March 29, 2011
Giving up Lent for Lent
In my Resurgent Church colleague clergy group, two members shared the different ways their communities have been approaching the Lenten Season. Cynthia Espeseth, vicar of St. Hilda/St. Patrick’s, Mulkiteo, talked about the “wishful thinking half-truths” where people have intentions but not true disciplines when it comes to their spiritual practices. This can lead to Lenten programs involving a great deal of planning that launch after Ash Wednesday but then cannot be sustained throughout the weeks of Lent.
To address this problem she has developed a Lenten program that people can engage in their own homes, at their own rate, in their own way. She has built a Constant Contact set of Lenten exercises that people can use throughout the season. For the exercises, she focused on five areas of spiritual discipline: worship, study, prayer, fasting/healing, and generosity of spirit; one discipline each week, with daily exercises within that discipline. Each Sunday she sends out an introduction to the discipline, with six days of various types of exercises that can be done in 5-30 minutes, depending on how deep the person wanted to engage.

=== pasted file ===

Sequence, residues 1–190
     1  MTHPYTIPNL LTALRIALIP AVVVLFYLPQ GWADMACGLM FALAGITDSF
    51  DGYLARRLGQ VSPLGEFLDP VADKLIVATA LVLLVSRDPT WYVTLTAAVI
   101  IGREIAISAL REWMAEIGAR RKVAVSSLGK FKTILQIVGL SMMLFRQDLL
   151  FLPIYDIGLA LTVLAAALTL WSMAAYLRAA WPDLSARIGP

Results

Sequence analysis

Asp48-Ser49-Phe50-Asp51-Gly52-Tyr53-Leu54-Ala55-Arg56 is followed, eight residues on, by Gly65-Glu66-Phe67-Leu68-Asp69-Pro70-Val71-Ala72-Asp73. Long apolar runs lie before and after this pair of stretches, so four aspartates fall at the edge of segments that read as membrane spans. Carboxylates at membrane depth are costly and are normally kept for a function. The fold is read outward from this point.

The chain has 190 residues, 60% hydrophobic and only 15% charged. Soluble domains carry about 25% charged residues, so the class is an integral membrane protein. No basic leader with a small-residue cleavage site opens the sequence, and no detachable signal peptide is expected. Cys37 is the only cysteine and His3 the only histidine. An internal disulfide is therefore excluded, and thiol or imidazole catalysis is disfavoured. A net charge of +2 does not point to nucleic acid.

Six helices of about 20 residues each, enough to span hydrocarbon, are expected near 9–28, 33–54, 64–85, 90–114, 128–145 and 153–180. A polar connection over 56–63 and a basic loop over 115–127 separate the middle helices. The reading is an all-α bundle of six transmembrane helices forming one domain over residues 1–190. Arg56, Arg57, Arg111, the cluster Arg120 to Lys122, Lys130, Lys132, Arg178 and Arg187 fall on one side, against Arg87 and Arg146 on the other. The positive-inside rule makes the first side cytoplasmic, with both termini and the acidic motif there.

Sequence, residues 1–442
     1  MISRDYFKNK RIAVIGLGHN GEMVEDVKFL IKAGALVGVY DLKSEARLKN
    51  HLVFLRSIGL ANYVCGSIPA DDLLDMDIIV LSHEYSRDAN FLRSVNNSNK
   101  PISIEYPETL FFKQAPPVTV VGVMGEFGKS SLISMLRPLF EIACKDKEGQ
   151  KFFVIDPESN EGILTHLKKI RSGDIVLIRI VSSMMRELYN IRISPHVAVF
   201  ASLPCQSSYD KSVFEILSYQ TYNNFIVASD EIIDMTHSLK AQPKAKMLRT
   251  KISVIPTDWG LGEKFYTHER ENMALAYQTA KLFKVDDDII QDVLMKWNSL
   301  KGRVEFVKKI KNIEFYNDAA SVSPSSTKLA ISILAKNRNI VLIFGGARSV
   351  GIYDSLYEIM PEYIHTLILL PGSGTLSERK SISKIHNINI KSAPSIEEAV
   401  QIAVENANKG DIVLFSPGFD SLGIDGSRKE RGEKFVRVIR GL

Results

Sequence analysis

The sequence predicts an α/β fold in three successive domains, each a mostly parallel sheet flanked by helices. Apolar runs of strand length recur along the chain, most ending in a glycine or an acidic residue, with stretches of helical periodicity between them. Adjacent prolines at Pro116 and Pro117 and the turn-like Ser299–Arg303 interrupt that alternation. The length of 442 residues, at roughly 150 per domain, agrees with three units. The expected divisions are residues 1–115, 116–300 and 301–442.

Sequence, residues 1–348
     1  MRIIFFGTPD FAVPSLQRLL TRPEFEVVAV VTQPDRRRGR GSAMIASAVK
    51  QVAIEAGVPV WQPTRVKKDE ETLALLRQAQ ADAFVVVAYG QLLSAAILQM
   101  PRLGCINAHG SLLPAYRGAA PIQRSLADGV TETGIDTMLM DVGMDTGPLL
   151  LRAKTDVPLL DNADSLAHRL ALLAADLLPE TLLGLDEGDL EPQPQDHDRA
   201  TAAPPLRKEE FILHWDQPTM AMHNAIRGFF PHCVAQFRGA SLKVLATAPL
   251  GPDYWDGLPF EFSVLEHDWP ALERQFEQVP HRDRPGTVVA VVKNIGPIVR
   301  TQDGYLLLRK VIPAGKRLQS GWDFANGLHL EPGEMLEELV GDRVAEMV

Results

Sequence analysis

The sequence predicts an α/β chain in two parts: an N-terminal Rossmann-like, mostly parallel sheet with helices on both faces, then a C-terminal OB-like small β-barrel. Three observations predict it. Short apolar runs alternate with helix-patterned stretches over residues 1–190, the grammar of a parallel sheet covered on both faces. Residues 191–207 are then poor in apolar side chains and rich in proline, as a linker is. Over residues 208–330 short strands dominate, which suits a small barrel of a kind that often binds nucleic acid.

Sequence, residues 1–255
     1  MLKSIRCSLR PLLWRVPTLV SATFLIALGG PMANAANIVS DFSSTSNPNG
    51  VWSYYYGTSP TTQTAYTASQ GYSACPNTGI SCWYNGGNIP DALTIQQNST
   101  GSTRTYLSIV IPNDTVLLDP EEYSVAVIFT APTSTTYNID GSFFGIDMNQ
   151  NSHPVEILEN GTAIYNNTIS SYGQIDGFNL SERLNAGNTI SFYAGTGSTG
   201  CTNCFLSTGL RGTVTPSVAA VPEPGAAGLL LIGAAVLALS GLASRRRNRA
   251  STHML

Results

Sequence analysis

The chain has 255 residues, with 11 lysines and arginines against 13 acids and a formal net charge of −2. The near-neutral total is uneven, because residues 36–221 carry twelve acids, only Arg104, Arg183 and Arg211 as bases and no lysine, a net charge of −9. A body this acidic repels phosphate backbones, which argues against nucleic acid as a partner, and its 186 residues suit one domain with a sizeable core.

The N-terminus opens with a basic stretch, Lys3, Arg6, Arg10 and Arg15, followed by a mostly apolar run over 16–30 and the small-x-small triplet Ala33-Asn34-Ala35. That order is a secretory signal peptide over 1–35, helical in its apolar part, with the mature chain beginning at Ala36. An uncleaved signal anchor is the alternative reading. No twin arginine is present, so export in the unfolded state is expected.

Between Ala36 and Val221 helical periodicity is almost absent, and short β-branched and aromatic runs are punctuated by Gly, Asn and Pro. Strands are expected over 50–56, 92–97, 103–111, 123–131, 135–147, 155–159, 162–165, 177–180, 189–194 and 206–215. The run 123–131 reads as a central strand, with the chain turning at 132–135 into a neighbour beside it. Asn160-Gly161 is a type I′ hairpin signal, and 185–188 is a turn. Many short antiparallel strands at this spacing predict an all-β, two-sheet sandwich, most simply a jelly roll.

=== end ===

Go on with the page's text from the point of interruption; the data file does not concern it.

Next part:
She said, “The format for the exercises is in response to the people crying out and hungering for a deeper spiritual life, but not sure how to connect and engage such a life amidst busy lives. I am co-opting one of those tools that has made their lives busier – the computer - and am using it in a way so they might slow down and be able to hear God.”
Another member of our group, John Leech, rector of St. Alban’s, Edmonds, stripped Lent down to its essentials. John said, “We are giving up Too Much Information for Lent.” They still gather on Wednesday evening, but instead of a content driven class, the community simply takes part in a Taize-style worship experience with a simple format: opening songs, a Scripture reading, silence, prayers, and some closing songs. There are candles burning before icons in the middle of the steps before the altar. This format allows for an open-ended, relaxed, quiet, and meditative worship time.
In John’s opinion, the congregation certainly was ripe for this change. In the past they have tried more content-oriented programming (Celtic spirituality) or a more ambitious format joining with the local Lutheran congregation for a formal five week Lenten program. As at Cynthia’s church, interest and attendance flag and the program ends up feeling like a failure.
Here are two examples of less being more – of giving up Lent for Lent. Instead of force feeding a program to their communities they both have responded by offering something that meets true needs rather than responding to “wishful thinking half-truths” It might be a sign of the decline of spirituality in our time. Or it might be just what people need.